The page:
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Do superfoods really exist?

Nowadays"Super" seems to have a new affixation. People love to attach it to all sorts of concepts related to health and nutrition.

By "Superfood," we refer to a food that is superior to other foods typically for its nutrient contents. This might mean they contain a variety of nutrients, such as antioxidants, healthy fats, fibre and phytochemicals - chemicals in plants which are responsible for vivid colours and smells, which have been associated with a reduced risk of cardiovascular and other diseases. Salmon, broccoli and blueberries are just some of the foods that have been given the 'superfood' label. But do superfoods really exist?

The term 'superfood' is a marketing term rather than one based on or recognised by science, Of course there are undoubtedly some foods that contain particular ingredients that are very beneficial for health. But we still need to eat a wide range of foods in order to get all the nutrients we need - it is not appropriate to rely on a small number of 'superfoods.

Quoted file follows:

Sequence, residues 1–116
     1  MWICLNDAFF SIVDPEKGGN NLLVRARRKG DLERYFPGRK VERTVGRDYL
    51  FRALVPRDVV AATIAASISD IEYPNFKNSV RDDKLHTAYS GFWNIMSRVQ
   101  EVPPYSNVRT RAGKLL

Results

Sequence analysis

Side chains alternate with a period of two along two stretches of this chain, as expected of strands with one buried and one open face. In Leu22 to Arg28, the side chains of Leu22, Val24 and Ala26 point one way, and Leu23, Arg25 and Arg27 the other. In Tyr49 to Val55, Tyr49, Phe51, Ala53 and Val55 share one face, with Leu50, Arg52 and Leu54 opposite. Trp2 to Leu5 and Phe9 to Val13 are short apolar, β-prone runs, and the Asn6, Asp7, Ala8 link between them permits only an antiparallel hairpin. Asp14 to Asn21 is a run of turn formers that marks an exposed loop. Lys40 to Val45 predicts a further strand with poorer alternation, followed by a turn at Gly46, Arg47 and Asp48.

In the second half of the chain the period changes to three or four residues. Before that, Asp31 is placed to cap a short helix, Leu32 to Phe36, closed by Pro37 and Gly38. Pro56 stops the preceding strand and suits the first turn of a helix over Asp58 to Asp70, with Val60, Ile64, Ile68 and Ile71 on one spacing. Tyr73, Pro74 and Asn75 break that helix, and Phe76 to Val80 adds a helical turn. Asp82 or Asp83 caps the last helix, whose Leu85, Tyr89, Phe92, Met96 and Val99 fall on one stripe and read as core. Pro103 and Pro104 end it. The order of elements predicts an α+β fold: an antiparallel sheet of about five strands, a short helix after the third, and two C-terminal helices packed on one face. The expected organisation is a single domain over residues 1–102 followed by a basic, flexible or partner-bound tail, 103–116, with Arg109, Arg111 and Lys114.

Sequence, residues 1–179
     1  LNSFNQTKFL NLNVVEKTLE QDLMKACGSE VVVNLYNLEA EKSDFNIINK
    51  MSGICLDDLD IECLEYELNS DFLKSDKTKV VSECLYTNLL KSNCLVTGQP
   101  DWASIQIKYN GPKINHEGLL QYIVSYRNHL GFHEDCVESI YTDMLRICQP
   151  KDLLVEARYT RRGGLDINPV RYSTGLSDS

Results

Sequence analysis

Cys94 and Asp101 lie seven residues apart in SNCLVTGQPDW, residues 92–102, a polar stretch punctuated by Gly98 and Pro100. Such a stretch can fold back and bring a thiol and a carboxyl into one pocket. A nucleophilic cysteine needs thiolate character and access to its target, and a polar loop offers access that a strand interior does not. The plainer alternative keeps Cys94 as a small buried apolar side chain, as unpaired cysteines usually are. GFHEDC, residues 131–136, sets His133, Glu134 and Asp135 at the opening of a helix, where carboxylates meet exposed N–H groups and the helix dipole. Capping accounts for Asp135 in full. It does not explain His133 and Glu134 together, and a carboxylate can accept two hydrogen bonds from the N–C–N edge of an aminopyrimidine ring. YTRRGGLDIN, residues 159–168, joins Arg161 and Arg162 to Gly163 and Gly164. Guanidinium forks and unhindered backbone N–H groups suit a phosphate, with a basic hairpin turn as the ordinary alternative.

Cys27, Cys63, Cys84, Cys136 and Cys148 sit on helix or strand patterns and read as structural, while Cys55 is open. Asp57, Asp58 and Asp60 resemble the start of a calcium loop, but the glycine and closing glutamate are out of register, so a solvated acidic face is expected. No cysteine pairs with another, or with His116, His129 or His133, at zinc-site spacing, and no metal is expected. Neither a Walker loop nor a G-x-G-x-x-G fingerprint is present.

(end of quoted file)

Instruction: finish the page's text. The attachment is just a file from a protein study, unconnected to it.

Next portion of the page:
Most everyone would agree that eating right is not a matter of adding healthy foods to one's diet; rather, it is about building a healthy food base. However, when you give the public any quick fix suggestions, such as super foods, you run the risk that people think they can balance unhealthy foods with such super foods.

Common dietary advice is to ‘eat the rainbow’, which encourages eating a variety of foods, especially fruits and vegetables. Different colours of foods are generally linked to different profiles of nutrients, and by eating all of these, the greatest variety of health benefits can be obtained.

In conclusion there is no God in any food...but instead there is a little God in almost every food.

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